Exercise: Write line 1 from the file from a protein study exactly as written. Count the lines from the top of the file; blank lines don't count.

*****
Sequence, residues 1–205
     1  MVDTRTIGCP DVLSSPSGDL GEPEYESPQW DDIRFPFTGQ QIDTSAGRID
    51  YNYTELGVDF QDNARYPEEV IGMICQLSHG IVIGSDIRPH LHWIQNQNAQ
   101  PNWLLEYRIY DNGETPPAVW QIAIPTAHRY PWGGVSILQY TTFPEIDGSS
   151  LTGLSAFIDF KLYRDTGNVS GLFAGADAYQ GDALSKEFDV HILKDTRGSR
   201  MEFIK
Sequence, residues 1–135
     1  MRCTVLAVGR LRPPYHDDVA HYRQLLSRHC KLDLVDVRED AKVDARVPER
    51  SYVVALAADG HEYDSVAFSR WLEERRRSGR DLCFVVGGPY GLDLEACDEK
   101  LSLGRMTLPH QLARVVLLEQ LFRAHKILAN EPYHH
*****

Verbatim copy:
Sequence, residues 1–205